Expectations
Again, drawing only from the work I do and the way I do it here are the expectations I think you should have for me and the expectations I have for you.
My expectations
I expect that we can come to an agreement simply and easily for this tiny slice of time.  And we are able to do it directly.  The only interaction I’ve ever had with an assistant is that it reduced your work by 50% and doubled mine.   Everyone, including fairly heavy, internationally known parties that I presume have an entourage were able to communicate directly with me with a simple email to figure out a time.  Yes it still counts if you send me to your calendar web account to pick a time, because you did so with an email/message.  One and done, or two and done.  Badabing.
Your expectations
You should expect to feel comfortable, be able to speak about what you want, and have no requirements to be on the show.  By ‘requirements’ I mean that you are not required to do anything, including rate the show.  I mention this because I was asked to be on another show and one of the first requirements was to a) rate their show five stars and b) screen shot and email this to them.   I read that, read it again, and then took a shower.  No thank you.  If you want to rate my show then I am tickled pink, because every one has been authentic.  I currently have a five star rating and none of them was forced.  One of my guests rated the show after being on and I was smiling all day.  You can be on the show and then run screaming away while I tweet and promote you; that’s fine.  It makes sense for you to cross promote it and say “Hey I’m gonna be on the AFL podcast with Mark on Sunday” or tag me when I tag you, or retweet – that’s all pretty standard stuff.  Maybe I am naive, but maybe I have integrity and assume you do too.  So no hidden deals.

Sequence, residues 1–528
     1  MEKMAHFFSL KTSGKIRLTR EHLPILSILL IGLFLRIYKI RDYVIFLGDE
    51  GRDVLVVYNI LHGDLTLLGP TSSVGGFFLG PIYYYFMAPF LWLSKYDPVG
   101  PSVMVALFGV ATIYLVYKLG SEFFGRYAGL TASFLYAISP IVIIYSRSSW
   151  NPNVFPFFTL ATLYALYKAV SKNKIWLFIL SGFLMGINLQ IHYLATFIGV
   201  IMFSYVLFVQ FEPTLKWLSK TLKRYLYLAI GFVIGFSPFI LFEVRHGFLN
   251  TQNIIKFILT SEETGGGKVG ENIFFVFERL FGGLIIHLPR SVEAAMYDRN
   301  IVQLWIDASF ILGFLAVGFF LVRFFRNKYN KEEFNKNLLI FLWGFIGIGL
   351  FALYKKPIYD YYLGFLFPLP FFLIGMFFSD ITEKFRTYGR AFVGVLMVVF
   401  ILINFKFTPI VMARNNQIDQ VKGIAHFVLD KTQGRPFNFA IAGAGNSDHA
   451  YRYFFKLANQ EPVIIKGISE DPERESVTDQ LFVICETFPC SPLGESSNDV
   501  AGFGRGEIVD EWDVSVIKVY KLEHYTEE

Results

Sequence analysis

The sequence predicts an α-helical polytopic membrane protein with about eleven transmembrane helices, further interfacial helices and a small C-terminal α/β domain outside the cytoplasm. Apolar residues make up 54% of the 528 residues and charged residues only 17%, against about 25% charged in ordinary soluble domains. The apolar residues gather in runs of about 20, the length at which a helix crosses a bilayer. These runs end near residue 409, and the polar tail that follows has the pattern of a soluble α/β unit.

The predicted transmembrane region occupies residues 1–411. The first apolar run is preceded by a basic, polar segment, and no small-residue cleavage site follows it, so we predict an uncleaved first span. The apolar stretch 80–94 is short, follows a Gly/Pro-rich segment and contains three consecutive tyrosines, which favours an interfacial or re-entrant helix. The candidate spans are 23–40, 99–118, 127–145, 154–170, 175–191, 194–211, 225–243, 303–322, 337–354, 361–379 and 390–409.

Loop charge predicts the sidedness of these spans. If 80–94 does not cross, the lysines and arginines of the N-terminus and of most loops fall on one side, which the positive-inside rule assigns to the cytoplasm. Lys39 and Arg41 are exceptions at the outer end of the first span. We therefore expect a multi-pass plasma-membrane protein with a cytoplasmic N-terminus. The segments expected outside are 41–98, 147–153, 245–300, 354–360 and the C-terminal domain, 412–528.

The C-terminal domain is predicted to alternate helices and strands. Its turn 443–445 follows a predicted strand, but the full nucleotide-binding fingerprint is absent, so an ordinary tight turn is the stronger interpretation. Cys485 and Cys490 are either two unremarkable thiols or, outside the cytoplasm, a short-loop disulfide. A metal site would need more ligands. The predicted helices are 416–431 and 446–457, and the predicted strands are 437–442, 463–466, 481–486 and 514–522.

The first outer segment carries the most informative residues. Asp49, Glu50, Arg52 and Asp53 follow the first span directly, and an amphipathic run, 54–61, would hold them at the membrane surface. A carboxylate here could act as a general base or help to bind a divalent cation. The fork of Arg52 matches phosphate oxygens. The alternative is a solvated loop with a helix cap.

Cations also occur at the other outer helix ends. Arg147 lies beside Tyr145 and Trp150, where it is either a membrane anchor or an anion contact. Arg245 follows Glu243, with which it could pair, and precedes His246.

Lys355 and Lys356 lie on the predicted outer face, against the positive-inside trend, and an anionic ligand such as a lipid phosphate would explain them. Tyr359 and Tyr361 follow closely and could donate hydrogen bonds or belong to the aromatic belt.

Timing
If you reach out to be on the show, I do my best to get back to you.  But, if you’ve ever participated in online dating, or applied to be an extra in a movie you know that if they are going to get back to you, they will.  There’s nothing you can do to “speed up the process.”  So, include whatever you want in your pitch to them and move on.  Anything else is annoying to them.  You simply may not be a fit.  And that’s OK.
Since it is pre recorded and I may have many shows I am doing, it’s going to be a while until your show may be broadcast – think print in which they are working on the Christmas issue before Halloween.
In summary:
  • Listen to at least one episode of the show to see if it something you even want to be a part of and associated with
  • Make a good pitch as to why you are interesting, unique and what you can do for them (the audience)
  • Move on
  • If you are selected, then simply and humanly connect and set a time
  • Have a good time and relax – your passion will come out, and it will be awesome unless you make it a commercial, then it will suck
  • Look for the heads up

Thanks for reading.  Again, some of this is particular to the way I conduct my podcast.  Thanks for applying if you did.  Thanks for being on the show if you were.